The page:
Lenovo Y50 Touch Gaming Notebook Review: In Touch With Your Budget
Introduction and Design
A little over a year ago, we posted our review of the Lenovo Y500, which was a gaming notebook that leveraged not one, but two discrete video adapters (2 x NVIDIA GeForce GT 650M in SLI, to be exact) to achieve respectable gaming performance at a reasonable price point (around $1,200 at the time of the review).
Well—take away nearly a pound of weight (to 5.7 lbs), slim the case down to around an inch thick, update the chipset, and remove one video card, and you’ve got the Lenovo Y50 Touch, which ought to be able to improve upon the Y500 in nearly every area if the specifications add up to typical results. Here’s the full list of what our review unit includes:
While the GTX 860M (2 GB) is a far cry from, say, the GTX 880M (8 GB) we had the pleasure of testing in MSI’s GT70 2PE, it’s still a very capable card that should provide satisfactory results without breaking the bank (or the back). The rest of the spec sheet is conventional fare for a budget gaming notebook, with the only other surprise being the inclusion of a touchscreen—an option which replaces the traditional matte LCD panel in the standard Y50.
The configuration we received has already been slightly updated to include a CPU that’s a nudge better than the i7-4700HQ: the i7-4710HQ (which gains it 100 MHz in Turbo Boost clock rate). Otherwise, the specs are identical, and the street price is very close to that of the Y500 we originally reviewed: $1,139. Currently, an extra 10 bucks will also score you an external DVD+/-RW drive, and just 90 bucks more will boost your GTX 860M’s VRAM to 4 GB (from 2 GB) and your system RAM to 16 GB from 8 GB. That’s really not a bad deal at all.
Design and Portability
The case design has seen a lot of improvements since the Y500, with an overall more professional-looking body sporting fewer seams and far less cheap-looking plastic. The display lid remains brushed aluminum (though of a smoother, nicer variety), while the aluminum palm rest has been replaced by a sturdy, soft-touch black material that feels higher-end and does a better job of resisting fingerprints. The aluminum lid, on the other hand, while attractive, easily attracts smudges and is difficult to clean. One of our complaints about the Y500’s design was the sharp plastic edge at the front of the palm rest (where the aluminum ends and the plastic begins); this seam has been completely removed in the Y50 Touch’s design and replaced with a smooth corner of continuous material that is far more comfortable and looks much nicer.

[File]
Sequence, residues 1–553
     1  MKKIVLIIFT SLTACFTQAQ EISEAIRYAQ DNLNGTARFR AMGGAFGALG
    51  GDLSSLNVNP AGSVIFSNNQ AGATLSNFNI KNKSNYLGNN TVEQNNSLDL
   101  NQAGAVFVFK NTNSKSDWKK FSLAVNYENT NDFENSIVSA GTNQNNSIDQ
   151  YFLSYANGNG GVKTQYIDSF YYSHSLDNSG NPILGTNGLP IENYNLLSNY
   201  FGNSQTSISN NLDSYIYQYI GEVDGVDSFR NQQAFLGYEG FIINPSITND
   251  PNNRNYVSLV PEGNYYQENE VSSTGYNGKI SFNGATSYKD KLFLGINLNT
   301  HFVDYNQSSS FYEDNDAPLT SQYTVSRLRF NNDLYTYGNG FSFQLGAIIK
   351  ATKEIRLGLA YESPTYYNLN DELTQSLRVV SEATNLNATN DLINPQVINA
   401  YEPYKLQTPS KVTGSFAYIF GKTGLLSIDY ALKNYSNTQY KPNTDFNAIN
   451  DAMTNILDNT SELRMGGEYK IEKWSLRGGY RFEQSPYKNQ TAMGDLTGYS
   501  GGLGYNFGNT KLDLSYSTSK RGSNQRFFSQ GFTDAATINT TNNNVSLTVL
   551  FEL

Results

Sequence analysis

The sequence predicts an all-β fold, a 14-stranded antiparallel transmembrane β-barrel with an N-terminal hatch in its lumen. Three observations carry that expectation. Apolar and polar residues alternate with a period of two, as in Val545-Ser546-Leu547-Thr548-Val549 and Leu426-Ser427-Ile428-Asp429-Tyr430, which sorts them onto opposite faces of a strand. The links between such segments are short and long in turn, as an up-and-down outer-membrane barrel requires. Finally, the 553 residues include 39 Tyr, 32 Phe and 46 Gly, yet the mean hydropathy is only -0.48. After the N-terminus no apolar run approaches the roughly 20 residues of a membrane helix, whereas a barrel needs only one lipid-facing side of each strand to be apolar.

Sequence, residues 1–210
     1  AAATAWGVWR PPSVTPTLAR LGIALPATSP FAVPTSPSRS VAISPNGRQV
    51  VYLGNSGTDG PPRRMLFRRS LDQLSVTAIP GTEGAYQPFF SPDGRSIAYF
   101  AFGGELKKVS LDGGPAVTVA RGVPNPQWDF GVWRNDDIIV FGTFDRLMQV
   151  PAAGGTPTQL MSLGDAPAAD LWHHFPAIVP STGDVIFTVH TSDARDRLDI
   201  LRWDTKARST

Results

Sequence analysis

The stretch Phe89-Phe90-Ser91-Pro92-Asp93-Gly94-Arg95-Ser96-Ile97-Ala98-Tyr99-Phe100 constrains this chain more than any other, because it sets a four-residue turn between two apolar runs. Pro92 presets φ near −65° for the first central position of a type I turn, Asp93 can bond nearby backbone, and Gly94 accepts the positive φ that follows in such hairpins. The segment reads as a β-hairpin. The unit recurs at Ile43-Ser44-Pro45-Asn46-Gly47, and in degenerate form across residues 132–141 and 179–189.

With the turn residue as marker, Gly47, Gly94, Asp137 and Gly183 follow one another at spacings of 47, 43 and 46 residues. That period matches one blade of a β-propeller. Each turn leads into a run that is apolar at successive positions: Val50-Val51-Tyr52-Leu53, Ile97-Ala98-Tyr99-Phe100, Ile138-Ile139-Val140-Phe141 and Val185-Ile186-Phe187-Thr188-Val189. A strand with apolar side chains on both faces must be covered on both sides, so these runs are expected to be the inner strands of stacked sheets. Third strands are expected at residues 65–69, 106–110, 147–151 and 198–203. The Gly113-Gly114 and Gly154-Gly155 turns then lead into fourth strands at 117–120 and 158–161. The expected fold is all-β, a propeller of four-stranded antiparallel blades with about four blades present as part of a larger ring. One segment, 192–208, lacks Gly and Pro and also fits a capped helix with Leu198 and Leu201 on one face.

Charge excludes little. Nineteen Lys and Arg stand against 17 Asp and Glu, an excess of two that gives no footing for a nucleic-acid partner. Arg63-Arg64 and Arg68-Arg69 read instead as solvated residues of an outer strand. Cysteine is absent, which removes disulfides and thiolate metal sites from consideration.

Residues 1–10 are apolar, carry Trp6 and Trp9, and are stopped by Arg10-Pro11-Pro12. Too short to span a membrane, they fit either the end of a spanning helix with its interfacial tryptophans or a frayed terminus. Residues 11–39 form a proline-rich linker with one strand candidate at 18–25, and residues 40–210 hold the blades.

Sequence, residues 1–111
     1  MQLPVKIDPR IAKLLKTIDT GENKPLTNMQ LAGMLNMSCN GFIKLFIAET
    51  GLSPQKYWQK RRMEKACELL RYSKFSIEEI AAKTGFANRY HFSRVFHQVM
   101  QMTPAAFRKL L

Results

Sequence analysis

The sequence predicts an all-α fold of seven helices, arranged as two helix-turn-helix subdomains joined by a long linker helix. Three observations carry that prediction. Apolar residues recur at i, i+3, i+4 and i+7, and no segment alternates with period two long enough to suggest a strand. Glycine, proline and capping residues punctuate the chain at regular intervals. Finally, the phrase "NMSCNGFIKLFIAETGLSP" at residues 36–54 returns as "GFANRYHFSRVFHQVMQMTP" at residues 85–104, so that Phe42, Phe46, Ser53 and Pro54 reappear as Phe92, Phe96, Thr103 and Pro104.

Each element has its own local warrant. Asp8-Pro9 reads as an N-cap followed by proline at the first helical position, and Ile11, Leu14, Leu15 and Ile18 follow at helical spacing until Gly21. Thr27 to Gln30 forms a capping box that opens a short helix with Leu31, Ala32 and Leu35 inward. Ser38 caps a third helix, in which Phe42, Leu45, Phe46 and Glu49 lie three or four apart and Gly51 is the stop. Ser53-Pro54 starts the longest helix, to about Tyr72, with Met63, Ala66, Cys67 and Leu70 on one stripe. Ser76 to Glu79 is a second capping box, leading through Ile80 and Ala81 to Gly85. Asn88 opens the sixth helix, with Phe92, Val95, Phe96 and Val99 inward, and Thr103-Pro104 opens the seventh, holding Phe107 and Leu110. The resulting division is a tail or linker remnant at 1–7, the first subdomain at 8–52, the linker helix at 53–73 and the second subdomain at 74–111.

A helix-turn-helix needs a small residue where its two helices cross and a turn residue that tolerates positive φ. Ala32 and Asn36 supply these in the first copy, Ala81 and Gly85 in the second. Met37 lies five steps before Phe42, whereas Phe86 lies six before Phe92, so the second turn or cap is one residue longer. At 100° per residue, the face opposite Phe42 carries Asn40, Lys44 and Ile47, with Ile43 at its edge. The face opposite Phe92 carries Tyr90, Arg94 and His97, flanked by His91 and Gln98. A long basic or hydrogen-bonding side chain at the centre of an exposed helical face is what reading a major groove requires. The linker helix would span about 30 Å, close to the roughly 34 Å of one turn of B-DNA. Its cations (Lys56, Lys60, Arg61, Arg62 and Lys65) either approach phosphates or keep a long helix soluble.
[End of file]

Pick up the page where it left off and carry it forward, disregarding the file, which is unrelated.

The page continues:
The device also features more pronounced angles, such as those on the lid, which somewhat resemble the look of ASUS’ G750 (and its stealth fighter-inspired design). The keyboard retains the unique red edges which stylishly match the two speakers flanking it. The one area, if any, which looks particularly chintzy is the strip of shiny plastic between the two speakers, which continues up across the central hinge cover leading up to the edge-to-edge glossy touchscreen. In case you haven’t figured it out by now, glossy plastic is something we would always prefer to live without.
The case remains incredibly sturdy in spite of the revisions and the thinned profile. There’s very little flex anywhere on the base, and the system rests stably on a table. This is partially thanks to the absence of any open-space cavities beneath the base cover—such as an optical drive bay—but also it’s just generally good engineering. A large rubber strip along the back of the unit provides extra stability in conjunction with the two smaller rubber feet on either side of the front of the base.
As far as ports are concerned, there are a few differences. The organization isn’t any better than it was before; that is, the two USB 3.0, HDMI, and Ethernet ports lining the left side of the unit are just as close together as those of the Y500, which can get a bit crowded if you happen to be using most or all of them simultaneously. The VGA port has been dropped altogether, but the rest of the situation remains identical, with the third USB port located along the right side alongside two audio ports (headset and S/PDIF).
Finally, on the subject of maintenance, the Y50 Touch is as accessible as we’d hope. Nearly every replaceable component, including the RAM, wireless adapter, hard drive/SSD, battery, and heatsink/fan assembly, is accessible directly beneath the bottom cover, which is secured by ten (10) Phillips-head screws. The Y50 Touch carries a 1-year depot warranty standard.